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Showing 1 - 9 of 9 results.

Coastal Pastures in Oregon and Washington

The coastal regions of Oregon and Washington have different climate and soils than other parts of the states. Rainfall is high, ranging from 70 inches in southern Oregon to more than 100 inches in the coastal mountains. ...

Fred Lundin | Sep 1996 | Article

Management Strategies for Dealing with Select Poisonous Plants in Oregon

Rangeland, pastures and hay fields throughout Oregon often contain poisonous plants that are potentially dangerous to cattle and other livestock.

Andy Hulting, Karin Neff | Sep 2019 | Publication

Spikeweed

Can spraying this weed at the right time keep it out of our fields?

Mary Corp | Oct 2018 | Article

Pasture and Grazing Management

Improved pasture and grazing management offers a means of holding production costs to a minimum by efficient production of high quality forage. Pasture and grazing management often seems like an art but is really based on ...

Amy Peters, Lynn Cannon | Aug 1999 | Article

Monitoring Grazing Lands in Oregon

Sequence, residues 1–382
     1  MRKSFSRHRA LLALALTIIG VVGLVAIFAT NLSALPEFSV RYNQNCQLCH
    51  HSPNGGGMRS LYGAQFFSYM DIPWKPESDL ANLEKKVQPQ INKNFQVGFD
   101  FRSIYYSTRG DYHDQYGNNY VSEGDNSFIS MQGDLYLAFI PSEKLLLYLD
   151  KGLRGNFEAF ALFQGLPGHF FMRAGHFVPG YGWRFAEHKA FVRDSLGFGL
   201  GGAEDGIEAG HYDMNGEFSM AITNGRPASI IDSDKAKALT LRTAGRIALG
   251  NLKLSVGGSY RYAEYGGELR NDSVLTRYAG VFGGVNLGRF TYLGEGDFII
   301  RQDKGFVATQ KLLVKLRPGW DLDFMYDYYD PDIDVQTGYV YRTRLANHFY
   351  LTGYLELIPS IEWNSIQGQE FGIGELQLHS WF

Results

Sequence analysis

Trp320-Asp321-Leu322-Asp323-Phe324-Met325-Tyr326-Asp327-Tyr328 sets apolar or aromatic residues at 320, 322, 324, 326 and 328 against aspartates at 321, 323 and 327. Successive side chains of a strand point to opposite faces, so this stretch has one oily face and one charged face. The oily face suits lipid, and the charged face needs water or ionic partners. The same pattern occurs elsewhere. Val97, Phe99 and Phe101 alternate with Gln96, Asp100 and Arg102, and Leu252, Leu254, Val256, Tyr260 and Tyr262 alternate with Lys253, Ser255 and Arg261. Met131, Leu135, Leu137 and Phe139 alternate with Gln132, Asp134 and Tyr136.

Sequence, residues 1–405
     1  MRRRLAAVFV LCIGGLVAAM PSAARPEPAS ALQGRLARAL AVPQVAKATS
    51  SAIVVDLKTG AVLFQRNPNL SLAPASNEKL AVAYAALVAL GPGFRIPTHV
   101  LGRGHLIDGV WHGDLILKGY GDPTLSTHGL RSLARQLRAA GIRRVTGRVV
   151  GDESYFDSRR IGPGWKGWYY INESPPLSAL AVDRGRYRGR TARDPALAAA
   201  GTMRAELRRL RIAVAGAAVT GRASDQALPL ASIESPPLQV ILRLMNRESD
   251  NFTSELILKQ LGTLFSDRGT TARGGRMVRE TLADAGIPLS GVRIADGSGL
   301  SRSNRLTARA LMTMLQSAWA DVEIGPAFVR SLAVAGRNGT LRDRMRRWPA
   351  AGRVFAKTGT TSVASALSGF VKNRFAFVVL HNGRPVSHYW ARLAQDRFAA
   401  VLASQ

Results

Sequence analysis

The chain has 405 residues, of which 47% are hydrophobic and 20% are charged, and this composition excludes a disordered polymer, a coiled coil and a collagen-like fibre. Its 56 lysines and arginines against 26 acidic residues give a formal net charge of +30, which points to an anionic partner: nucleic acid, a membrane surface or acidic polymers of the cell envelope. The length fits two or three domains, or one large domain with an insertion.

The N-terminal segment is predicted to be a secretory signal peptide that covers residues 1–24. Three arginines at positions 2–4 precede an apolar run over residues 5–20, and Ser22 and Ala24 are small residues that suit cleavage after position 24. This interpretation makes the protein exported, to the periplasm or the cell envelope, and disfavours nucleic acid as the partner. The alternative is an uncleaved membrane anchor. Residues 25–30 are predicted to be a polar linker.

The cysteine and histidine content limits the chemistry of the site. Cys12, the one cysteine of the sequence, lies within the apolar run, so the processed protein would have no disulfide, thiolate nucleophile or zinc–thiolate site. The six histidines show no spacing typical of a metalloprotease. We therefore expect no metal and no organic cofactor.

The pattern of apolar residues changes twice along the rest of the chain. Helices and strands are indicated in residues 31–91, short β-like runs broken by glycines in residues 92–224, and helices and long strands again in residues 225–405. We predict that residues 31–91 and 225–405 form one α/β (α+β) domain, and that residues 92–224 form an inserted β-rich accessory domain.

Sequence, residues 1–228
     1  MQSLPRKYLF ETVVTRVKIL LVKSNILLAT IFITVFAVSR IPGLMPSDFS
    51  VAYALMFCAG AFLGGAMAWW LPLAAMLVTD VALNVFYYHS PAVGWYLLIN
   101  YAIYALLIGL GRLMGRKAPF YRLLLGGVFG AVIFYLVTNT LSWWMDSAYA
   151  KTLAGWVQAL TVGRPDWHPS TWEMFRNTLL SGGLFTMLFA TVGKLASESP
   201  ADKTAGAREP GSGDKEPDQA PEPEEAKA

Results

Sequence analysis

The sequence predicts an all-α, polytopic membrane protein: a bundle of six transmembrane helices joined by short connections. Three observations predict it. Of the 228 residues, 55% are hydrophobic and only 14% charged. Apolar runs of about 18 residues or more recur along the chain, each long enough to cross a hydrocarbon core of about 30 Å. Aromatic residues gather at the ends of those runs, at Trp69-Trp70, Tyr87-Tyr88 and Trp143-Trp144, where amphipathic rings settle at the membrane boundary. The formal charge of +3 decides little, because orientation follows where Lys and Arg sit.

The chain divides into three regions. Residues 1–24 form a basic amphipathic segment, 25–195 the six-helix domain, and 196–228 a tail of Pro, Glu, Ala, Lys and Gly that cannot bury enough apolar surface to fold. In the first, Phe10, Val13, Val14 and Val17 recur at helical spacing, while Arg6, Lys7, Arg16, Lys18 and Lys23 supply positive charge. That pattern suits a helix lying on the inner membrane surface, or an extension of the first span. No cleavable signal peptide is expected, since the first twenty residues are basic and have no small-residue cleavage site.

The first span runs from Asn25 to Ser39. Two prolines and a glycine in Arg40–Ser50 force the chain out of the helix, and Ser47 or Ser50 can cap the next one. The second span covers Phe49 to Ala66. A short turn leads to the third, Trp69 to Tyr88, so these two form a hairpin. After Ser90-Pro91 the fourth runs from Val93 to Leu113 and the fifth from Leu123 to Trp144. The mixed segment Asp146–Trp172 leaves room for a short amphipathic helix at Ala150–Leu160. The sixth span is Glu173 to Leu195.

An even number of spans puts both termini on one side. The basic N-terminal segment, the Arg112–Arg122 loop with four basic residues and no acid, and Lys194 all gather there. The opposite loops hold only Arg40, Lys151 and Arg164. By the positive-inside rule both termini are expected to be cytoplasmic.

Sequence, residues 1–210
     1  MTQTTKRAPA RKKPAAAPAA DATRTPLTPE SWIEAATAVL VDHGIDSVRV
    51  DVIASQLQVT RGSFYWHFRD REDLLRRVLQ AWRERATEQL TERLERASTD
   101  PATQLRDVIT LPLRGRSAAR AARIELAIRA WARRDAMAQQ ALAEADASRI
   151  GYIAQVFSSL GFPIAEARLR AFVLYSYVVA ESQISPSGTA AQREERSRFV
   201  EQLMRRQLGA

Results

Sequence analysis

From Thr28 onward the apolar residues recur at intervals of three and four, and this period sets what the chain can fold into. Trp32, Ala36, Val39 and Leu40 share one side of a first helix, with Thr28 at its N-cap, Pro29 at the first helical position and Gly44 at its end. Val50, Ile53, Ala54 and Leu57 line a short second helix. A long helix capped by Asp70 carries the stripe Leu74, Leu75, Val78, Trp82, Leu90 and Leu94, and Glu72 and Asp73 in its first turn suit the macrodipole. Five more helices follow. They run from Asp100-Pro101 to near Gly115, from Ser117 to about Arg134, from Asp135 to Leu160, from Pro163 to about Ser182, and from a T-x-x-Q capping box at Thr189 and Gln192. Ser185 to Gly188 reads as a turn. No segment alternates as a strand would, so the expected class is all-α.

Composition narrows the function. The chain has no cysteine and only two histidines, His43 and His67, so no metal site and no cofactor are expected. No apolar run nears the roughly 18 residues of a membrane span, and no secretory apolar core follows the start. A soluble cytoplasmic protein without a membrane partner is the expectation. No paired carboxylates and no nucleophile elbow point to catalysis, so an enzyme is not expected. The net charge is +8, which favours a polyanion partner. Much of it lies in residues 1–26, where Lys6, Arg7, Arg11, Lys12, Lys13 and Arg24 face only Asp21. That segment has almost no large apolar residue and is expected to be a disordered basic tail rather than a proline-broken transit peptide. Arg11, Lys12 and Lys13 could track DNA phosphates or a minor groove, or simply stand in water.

Rangeland monitoring represents a critical tool in a successful grazing management program. This article describes the process of establishing an effective rangeland management and monitoring system.

Dustin Johnson | Feb 2020 | Article

Poison hemlock and Western waterhemlock: deadly plants that may be growing in your pasture

Poisonous plants are a major cause of economic loss to the livestock industry. Two poisonous plants common to Oregon are poison hemlock and Western water hemlock. Ingestion of either by humans or livestock typically results in death.

Scott Duggan | Jun 2018 | Article

Poison Hemlock (Conium maculatum) – Silage Will Not Reduce the Toxin

Poison hemlock is one of the most poisonous of plants. Silage making has been used to reduce the concentrations of toxins in a variety of crops. Poison hemlock alkaloids are found in different concentrations depending on ...

Cassie Bouska, Amy Peters | Jan 2006 | Article

Range improvements: tools and methods to improve cattle distribution

Uneven grazing distribution patterns on rangeland can lead to overuse of forage in some areas and no use or waste of herbage in areas not visited by cattle. Range improvements affecting more even distribution of grazing ...

David Ganskopp | Jan 2019 | Article

Management strategies for dealing with select poisonous plants in Oregon.

Rangeland, pastures and hay fields throughout Oregon often contain poisonous plants that are potentially dangerous to cattle and other livestock.

Andy Hulting, Karin Neff | Sep 2019 | Article